BBC Radio Wales

BBC Radio Wales is BBC Cymru Wales's national English language radio station. It began broadcasting on 13 November 1978, following the demise of the 'Radio 4 Wales' service (previously the Welsh Home Service) and BBC Radio 4's transformation into a national network, moving from medium wave to long wave.

Broadcast areaWales
First air date13 November 1978
FormatNews, music, sport, entertainment
OperatorBBC Cymru Wales
Sister stationsBBC Radio Cymru
BBC Radio Cymru 2
WebcastBBC iPlayer Radio

The station's managing editor is Colin Paterson.[1]

According to RAJAR, the station has a weekly audience of 316,000 listeners and a listening share of 4% as of December 2018.[2]


In November 1978, BBC Radio Wales and BBC Radio Scotland were created as distinct stations on the former Radio 4 Scottish and Welsh medium wave opt-out frequencies of 810 and 882 kHz. They were initially part-time services, broadcasting for only 20 hours per week, and relaying Radios 2 and 4 at other times. However, the groundwork had been laid for both networks to gradually become full-time services. Radio Wales now broadcasts for up to 20 hours a day with a simulcast of the BBC World Service after closedown every night.

BBC Radio Wales was preceded in the autumn of 1978 by four experimental local radio stations broadcasting for a single week: Radio Wrexham, Radio Deeside, Radio Merthyr and Radio Rhondda. They were broadcast using an RTÉ Outside Broadcast transmitter[3]. The first editor of BBC Radio Wales was Teleri Bevan, a former producer for Radio 4 Wales.

Radio Wales commenced broadcasting at 6.30am on Monday 13 November 1978 with the first edition of AM, a breakfast magazine show presented by Anita Morgan, which replaced the news-driven predecessor Good Morning Wales. Chris Stuart later took over AM, presenting the programme for almost a decade, before it was replaced by a revival of Good Morning Wales, which was again axed in May 2019. The other main presenters for the first decade on air included Mike Flynn, Vincent Kane, Noreen Bray and Alun Williams.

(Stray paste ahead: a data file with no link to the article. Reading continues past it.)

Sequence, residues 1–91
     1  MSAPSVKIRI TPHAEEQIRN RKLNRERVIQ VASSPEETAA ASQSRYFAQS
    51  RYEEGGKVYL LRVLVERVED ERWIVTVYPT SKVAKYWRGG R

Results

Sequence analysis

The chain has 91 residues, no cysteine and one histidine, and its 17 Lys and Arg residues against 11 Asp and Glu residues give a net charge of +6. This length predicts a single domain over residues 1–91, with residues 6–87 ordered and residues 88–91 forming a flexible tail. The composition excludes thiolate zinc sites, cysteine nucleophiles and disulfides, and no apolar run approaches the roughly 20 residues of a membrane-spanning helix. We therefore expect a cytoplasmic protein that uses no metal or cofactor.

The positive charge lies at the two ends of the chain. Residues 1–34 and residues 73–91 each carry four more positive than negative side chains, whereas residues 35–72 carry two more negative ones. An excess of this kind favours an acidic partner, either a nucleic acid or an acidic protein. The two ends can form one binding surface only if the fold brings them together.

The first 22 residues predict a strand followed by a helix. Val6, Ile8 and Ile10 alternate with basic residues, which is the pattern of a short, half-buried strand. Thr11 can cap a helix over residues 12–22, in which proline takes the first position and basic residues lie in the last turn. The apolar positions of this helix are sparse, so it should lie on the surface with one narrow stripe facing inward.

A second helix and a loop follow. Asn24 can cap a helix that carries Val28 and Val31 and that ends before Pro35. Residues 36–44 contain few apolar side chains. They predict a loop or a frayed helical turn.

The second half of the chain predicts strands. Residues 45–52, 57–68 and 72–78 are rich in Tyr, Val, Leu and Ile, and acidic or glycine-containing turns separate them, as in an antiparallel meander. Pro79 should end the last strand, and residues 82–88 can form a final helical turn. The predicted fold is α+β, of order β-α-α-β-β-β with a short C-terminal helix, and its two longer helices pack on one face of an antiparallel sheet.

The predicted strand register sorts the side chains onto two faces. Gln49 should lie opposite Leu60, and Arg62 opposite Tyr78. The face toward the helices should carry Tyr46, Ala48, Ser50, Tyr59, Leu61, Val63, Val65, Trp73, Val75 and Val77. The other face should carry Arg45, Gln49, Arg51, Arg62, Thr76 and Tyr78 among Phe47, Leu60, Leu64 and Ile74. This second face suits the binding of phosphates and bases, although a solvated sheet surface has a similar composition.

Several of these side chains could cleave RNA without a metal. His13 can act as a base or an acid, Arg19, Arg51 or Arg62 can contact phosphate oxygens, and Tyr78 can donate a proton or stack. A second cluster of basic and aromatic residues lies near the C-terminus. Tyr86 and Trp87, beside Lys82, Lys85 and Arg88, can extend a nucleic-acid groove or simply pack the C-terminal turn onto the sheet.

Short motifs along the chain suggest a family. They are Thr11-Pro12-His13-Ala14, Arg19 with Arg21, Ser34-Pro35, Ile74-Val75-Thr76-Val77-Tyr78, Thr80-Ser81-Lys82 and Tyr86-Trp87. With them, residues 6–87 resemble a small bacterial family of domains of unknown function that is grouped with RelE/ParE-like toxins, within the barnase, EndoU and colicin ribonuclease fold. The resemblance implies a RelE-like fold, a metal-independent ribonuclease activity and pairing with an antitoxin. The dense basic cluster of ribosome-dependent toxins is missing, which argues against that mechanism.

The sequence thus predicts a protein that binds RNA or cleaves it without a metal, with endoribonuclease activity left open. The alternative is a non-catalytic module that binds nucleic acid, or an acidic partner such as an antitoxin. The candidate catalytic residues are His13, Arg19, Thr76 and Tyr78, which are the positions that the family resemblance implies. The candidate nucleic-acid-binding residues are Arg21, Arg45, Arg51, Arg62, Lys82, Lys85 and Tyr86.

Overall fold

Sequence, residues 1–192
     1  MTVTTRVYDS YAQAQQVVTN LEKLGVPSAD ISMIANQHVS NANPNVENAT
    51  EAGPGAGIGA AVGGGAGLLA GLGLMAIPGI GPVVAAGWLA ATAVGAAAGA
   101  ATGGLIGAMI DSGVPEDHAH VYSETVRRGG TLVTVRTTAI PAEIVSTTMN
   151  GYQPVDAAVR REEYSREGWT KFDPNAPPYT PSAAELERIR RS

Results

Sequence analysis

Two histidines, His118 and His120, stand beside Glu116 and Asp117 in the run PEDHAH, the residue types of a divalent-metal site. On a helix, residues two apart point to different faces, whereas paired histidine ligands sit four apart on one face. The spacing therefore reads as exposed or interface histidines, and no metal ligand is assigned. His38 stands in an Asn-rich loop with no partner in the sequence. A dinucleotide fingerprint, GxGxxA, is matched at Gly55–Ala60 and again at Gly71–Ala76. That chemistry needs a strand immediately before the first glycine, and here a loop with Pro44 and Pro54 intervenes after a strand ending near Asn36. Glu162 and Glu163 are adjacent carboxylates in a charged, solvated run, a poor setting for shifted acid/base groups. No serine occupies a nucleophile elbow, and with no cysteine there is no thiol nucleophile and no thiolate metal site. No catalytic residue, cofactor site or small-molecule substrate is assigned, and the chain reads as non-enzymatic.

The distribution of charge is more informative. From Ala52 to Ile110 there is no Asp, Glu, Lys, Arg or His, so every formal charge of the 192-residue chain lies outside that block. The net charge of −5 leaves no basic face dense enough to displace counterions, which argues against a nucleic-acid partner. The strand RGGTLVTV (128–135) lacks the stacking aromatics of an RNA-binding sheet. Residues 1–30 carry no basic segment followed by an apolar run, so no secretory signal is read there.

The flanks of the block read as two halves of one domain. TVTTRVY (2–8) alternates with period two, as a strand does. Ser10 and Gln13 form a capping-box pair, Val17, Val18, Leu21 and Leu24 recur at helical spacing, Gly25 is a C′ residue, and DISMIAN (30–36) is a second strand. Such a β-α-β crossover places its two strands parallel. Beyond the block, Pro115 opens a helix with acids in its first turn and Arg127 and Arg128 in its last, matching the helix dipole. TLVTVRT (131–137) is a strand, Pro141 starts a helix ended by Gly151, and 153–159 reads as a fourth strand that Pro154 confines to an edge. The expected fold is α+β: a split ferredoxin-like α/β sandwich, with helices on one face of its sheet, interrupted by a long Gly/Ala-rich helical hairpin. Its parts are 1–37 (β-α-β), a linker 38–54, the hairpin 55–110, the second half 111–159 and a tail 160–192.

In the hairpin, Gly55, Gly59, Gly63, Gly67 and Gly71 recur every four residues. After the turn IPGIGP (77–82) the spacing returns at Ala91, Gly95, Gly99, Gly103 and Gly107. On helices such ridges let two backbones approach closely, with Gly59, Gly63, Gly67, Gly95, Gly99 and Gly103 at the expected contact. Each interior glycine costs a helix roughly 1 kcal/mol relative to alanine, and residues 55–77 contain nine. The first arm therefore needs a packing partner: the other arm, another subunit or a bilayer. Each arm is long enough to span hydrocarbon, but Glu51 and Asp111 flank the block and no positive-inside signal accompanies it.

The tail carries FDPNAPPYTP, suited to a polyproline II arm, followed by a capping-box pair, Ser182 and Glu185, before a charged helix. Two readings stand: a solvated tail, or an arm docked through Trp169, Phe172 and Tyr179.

By 1985, Roy Noble was also a regular daily voice, presenting weekday magazine shows for the station for 27 years. Old Radio 4 type continuity studios were modified to become 'self operated' by the early 1980s. Outside broadcasts from different towns in Wales were also introduced, with Mike Flynn and Alun Williams hosting a weekly three-hour live show on Friday mornings.

BBC Radio Wales also started to embrace publicity similar to the type used by commercial radio stations in the UK. Other early presenters included Wyn Calvin, Maureen Staffer, Sylvia Horn, G. V. Wynne Jones (Geevers), Claire Vincent, Piet Brinton, Jackie Emlyn and Princess Anne's biographer Brian Hoey.

Radio Gwent and Radio Clwyd opt-outs

Following BBC Wales' experiments with community radio in 1978, two permanent opt-out services were developed in the North East and the South East. Radio Deeside was reopened in February 1980 in response to the closure of the Shotton steelworks.

Its coverage area was expanded to the rest of Clwyd in October 1981 and the station was subsequently renamed BBC Radio Clwyd, broadcasting extended local news bulletins, a mid-morning show and occasional special programming from studios in Mold until its closure in October 1993. After the closure of Radio Clwyd, local bulletins for north-east Wales continued until 2002 - staff having moved from Mold to Wrexham in summer 1998.

BBC Radio Gwent, based in Cwmbran, broadcast from 18 April 1983 until March 1991. Radio Gwent was available on FM, and since its closure has continued to relay the national Radio Wales service on the same FM frequencies to the Gwent area. Both of these stations operated at peak times only, and carried Radio Wales at other times.[4]

Regional opt-outs were later established for sports coverage, specifically live football commentaries involving Cardiff City in the South East, Swansea City in the South West and Wrexham in the North.


BBC Radio Wales broadcasts each weekday from 5.30am - 1am and from 5am - 1am at weekends. The station simulcasts overnight programming from the BBC World Service after closedown every night.